We are living in a golden age of coffee information. Everywhere you turn these days, there is serious, interesting thinking about coffee happening, and best of all, a lot of it is finding its way out into the public. Sure, some people may bemoan the decline of forum-warrior style exchanges of old, but with things like this year’s SCAA Symposium speeches starting to trickle out on YouTube, the recent release of the Longberry coffee journal, and more new professional coffee events like Edible Manhattan’s Coffee Summit, coffee knowledge is entering a brave new world. That evolution also includes a whole range of new perspectives being shared from all corners, including a number of noteworthy new podcasts from Tom Owen of Sweet Maria’s, Bjørg Brend Laird of Supersonic, and the latest episode of Renee Gross’ latest episode of The Feminist Fork.
Tom Owen travels the world buying green coffee for Sweet Maria’s, the pioneering home- and micro-roaster green coffee supplier that he co-founded in 1997. His podcast is now up to six episodes, and is available for free via iTunes and on the Sweet Maria’s blog. The first episode, released in February, starts by dispelling some of the misconceptions people have about the “direct trade” model, like how much contact with actual farmers involved, or whether he is “carrying back sacks of coffee in his bags.” This refreshing, on the ground perspective runs through all the episodes, like the second episode on pronouncing Amharic coffee names like Chelelektu and Yirgacheffe according to native speakers, or the recent episode on talking about tasting coffee, which includes the following nugget: “Explaining that coffee reminds you of an obscure childhood food memory probably isn’t doing a great service of helping someone else understand what’s in that coffee.”
Bjørg Brend Laird made her mark in coffee working for Cafe Europa, where she was instrumental in organizing the Nordic Barista Cup, and she is now a co-founder of Supersonic Coffee, an ambitious new roasting and retail project in the Bay Area. In her new podcast, Coffee Awesome, she leverages her access and background in journalism to highlight interesting voices in the industry. The first episode features Rachel Peterson, director of marketing and sales for the renowned Hacienda La Esmeralda in Panama, talking about the history of the farms, how the planting of the world-famous “geisha” variety was a happy accident of fungus tolerance, their recent experiments with natural processing, and more. You can find this and future episode of the podcast on the Coffee Awesome website here.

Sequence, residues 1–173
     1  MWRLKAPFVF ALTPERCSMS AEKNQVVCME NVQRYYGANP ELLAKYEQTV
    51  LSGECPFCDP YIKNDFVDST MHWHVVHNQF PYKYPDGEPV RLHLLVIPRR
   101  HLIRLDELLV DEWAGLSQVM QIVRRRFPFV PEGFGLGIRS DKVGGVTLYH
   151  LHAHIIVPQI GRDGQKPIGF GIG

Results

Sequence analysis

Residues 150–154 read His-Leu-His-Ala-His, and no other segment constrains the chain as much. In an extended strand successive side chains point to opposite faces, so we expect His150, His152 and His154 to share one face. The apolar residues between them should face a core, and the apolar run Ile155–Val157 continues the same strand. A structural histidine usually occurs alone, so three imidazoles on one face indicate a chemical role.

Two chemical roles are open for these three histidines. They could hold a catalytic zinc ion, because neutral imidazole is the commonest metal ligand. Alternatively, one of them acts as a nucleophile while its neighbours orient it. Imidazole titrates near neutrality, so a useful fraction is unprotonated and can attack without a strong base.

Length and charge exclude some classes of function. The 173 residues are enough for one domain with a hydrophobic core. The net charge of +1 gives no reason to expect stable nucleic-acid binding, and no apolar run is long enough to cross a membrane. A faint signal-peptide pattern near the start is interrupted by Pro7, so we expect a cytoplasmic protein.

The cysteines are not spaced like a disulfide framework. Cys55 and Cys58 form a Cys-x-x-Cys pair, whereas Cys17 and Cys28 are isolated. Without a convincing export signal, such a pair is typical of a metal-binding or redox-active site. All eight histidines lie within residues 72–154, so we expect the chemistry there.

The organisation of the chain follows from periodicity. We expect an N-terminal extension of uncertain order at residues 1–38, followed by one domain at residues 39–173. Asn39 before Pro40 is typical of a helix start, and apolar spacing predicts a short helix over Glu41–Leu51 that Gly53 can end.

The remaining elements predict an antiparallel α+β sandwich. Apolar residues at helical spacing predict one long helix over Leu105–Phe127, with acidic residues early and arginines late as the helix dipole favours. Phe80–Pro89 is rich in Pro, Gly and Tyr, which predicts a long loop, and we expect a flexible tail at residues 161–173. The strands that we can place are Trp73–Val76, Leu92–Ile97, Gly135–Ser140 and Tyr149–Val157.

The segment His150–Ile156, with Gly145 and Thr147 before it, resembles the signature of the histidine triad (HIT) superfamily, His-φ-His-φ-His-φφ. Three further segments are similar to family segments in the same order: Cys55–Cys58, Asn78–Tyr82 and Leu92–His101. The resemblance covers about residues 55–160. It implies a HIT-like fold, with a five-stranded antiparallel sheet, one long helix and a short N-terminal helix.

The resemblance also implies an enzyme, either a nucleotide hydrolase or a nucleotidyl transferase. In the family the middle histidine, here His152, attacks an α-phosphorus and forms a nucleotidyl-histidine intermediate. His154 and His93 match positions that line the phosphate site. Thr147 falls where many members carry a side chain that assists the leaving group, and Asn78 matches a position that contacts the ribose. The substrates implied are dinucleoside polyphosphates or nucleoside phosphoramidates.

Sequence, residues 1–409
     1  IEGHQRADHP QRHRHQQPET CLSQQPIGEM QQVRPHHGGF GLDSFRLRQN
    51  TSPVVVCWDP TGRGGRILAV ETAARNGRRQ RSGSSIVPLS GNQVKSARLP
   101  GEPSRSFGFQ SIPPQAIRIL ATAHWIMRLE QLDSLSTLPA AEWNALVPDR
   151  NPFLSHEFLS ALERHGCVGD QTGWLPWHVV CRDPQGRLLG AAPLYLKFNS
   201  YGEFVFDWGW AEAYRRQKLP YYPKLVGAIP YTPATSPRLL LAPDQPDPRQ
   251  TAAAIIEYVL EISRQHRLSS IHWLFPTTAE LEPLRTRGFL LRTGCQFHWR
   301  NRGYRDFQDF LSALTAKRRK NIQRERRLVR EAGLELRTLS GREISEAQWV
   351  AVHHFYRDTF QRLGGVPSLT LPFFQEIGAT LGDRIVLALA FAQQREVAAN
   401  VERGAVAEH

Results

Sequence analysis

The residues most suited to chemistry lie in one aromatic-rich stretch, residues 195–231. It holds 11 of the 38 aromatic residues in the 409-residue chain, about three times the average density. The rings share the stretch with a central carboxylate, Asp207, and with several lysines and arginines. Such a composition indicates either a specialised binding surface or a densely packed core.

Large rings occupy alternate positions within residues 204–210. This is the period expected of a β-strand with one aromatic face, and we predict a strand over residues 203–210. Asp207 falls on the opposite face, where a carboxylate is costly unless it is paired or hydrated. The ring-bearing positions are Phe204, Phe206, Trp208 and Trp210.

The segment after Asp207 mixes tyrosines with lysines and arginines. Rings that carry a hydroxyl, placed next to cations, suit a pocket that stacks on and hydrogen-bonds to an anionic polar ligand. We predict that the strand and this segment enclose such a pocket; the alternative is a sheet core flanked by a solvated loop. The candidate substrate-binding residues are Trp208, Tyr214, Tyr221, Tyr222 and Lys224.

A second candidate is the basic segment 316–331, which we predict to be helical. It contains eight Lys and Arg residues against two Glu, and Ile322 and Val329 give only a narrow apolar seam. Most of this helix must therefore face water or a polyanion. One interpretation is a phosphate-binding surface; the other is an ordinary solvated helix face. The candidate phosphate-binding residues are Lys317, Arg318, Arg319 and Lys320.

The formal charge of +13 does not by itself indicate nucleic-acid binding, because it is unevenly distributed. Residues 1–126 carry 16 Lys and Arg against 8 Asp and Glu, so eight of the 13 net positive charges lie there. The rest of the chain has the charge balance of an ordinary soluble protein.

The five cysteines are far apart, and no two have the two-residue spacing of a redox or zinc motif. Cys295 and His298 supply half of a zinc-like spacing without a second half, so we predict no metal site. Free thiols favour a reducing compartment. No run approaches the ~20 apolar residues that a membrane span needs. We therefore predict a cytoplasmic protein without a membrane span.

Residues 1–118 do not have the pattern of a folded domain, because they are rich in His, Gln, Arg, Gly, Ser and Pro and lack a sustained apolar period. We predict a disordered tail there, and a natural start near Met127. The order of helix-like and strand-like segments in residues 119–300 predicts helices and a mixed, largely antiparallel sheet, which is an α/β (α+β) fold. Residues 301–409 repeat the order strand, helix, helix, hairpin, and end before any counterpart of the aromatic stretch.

The last podcast comes from Renee Gross over at The Feminist Fork–Gross is a recent Women’s Studies graduate from the University of Michigan and produces stories for the Michigan Radio NPR affiliate. The Feminist Fork examines social issues around food and drink from a Feminist/Queer perspective, and the recent episode “A cup of one’s own: Coffee shops as queer spaces” brings together an eclectic set of perspectives on what makes the coffee shop such a productive and welcome space for queer people. Full disclosure: I am briefly quoted in the piece. 2014 Sprudgie Award-Winner Lisa Knisely is also quoted, alongside baristas, regular customers, and all sorts of coffee-appreciating folk. I’m a big fan of applying feminist thinking to social issues around coffee, and this episode of The Feminist Fork shows the exciting range of perspectives on the spaces coffee builds that can result.
Truly, an exciting time to be thinking about coffee, whether you’re recording it for posterity or downloading it to listen during your morning treadmill routine.